|Student filmmaker sees through 'Eyes of a Child'|
October 6, 2005
Cinema major Delphine Suter recently took a trip down memory lane in creating "Eyes of a Child," a film about a young, passionate reader. Now, she awaits every filmmaker's dream: The 2006 International Cannes Film Festival.
"Eyes of a Child" will debut during the festival as part of the Kodak Emerging Filmmakers Showcase. Suter earned the Cannes invitation by winning the $8,000 grand prize for the Eastman Scholarship Award for Cinematography and Excellence from Kodak.
France's Cannes Film Festival is one of the most prestigious film festivals in the world. Each year it draws thousands of visitors to view nearly 1,000 of the world's newest -- and most innovative and artistic -- motion pictures.
SFSU student Yael Braha was one of two Eastman Scholarship winners in last year's competition.
The competition drew 49 submissions from 35 accredited film schools throughout the United States and Canada this year. Eastman Scholarships honored Suter, a second place winner and a faculty scholar. The faculty scholar wins an $8,000 grant for film production. Judging was based on sample reels, faculty recommendations and the film's cinematography.
"Eyes of a Child" was nominated for the Eastman Scholarship before the sound work and final editing was complete.
"The degree of passion in the film, I think, even transcends sound check," said Professor Jim Goldner, who has been with the Cinema Department since it began in 1963. "I love it when a picture speaks for itself without the soundtrack."
The film is about a young girl named Beatrice, an avid reader who enters a fantasy world through reading books, often blurring the lines between reality and her imagination. "I love reading, I love stories and I love photography," Suter said. "I grew up reading a book a day."
budding filmmaker co-produced "Eyes of a Child" with
SFSU alum and cinematographer Joey Mullen through their production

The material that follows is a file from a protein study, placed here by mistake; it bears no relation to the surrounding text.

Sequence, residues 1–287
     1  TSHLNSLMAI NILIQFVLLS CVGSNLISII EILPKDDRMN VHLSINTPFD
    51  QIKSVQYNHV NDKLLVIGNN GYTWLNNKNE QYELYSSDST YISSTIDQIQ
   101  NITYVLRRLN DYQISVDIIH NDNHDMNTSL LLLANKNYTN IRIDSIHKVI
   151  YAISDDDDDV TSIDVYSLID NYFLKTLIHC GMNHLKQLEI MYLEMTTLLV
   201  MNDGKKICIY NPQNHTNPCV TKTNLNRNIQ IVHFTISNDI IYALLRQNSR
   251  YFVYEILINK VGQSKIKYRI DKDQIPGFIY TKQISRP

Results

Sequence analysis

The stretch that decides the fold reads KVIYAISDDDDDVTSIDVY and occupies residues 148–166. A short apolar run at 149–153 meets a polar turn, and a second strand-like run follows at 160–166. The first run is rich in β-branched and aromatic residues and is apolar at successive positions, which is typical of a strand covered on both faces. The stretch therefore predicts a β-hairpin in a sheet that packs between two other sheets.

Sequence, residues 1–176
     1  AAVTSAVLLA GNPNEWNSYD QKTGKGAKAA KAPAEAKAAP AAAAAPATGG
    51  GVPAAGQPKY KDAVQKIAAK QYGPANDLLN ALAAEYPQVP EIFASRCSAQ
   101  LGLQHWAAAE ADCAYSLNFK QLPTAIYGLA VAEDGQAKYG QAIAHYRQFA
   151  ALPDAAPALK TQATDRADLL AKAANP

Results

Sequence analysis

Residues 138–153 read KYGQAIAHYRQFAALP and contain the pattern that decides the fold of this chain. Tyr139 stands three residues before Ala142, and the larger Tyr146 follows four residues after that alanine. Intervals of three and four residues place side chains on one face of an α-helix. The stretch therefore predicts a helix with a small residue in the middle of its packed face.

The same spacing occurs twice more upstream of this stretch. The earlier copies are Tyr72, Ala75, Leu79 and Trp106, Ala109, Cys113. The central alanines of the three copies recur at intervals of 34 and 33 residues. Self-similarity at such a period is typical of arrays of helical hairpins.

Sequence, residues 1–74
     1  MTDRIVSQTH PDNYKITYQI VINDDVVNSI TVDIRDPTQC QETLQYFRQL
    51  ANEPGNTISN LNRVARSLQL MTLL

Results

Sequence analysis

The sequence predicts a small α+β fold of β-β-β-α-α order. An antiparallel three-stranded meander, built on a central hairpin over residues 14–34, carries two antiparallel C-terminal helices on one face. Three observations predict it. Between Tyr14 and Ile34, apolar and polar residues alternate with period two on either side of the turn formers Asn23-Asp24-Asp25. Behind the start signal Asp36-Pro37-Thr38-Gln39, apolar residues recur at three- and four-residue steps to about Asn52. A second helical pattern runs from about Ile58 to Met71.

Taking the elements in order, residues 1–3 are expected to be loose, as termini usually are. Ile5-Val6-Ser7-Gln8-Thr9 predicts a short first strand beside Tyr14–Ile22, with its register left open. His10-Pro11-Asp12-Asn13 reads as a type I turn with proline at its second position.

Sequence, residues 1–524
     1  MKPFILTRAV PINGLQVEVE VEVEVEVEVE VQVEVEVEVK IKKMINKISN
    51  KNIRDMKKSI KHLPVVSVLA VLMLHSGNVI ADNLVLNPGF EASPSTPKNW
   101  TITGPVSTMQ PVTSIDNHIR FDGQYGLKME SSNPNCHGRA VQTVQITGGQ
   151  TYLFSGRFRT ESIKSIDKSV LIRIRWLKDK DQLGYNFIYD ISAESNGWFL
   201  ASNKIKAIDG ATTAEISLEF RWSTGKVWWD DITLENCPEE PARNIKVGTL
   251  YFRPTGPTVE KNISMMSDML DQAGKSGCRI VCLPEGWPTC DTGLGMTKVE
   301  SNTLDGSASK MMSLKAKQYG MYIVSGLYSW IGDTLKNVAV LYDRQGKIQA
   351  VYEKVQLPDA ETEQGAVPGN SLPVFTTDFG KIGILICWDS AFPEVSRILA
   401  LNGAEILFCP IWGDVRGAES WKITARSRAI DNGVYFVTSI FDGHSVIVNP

Films. Suter's mother,
a theater director, wrote the script in a few days in response to her
daughter's search for a screenplay. It was the perfect story dealing
with child psychology that she was seeking, Suter said.
"To me, when you light something, it's like painting a frame," Suter said. "You're painting it, but you're painting it with light."
Until graduation and Cannes draw near, Suter will work on a feature-film script. She has yet to decide whether to use the scholarship money toward completing her next film or attending Famu, a film school in Prague. "She's a very innovative, extremely talented and hard-working person," Goldner said.
Founded amid the political activism and artistic experimentation of the 1960s, the SFSU Cinema Department has educated generations of filmmakers including Academy Award winners Steven Zaillian (Best Screenplay, "Schindler's List," 1994), Christopher Boyes (Best Sound, "Titanic," 1998, "Pearl Harbor," 2001, "Lord of the Rings: The Return of the King," 2004) and Steve Okazaki (Best Short Documentary, "Days of Waiting," 1991). In 2000, Entertainment Weekly named the department one of the nation's top film schools.
Writer Lisa Rau with Matt Itelson
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